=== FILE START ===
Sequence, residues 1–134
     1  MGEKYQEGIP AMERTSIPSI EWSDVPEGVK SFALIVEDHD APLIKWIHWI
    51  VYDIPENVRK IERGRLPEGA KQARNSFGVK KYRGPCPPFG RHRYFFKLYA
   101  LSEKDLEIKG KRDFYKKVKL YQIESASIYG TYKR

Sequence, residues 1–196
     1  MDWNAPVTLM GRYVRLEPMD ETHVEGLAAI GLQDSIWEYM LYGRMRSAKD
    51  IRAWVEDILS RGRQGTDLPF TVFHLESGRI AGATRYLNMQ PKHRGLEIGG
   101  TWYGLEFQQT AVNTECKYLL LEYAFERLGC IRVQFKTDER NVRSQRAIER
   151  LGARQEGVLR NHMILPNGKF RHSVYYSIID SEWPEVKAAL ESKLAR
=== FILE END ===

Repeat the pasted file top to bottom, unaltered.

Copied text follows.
Sequence, residues 1–134
     1  MGEKYQEGIP AMERTSIPSI EWSDVPEGVK SFALIVEDHD APLIKWIHWI
    51  VYDIPENVRK IERGRLPEGA KQARNSFGVK KYRGPCPPFG RHRYFFKLYA
   101  LSEKDLEIKG KRDFYKKVKL YQIESASIYG TYKR

Sequence, residues 1–196
     1  MDWNAPVTLM GRYVRLEPMD ETHVEGLAAI GLQDSIWEYM LYGRMRSAKD
    51  IRAWVEDILS RGRQGTDLPF TVFHLESGRI AGATRYLNMQ PKHRGLEIGG
   101  TWYGLEFQQT AVNTECKYLL LEYAFERLGC IRVQFKTDER NVRSQRAIER
   151  LGARQEGVLR NHMILPNGKF RHSVYYSIID SEWPEVKAAL ESKLAR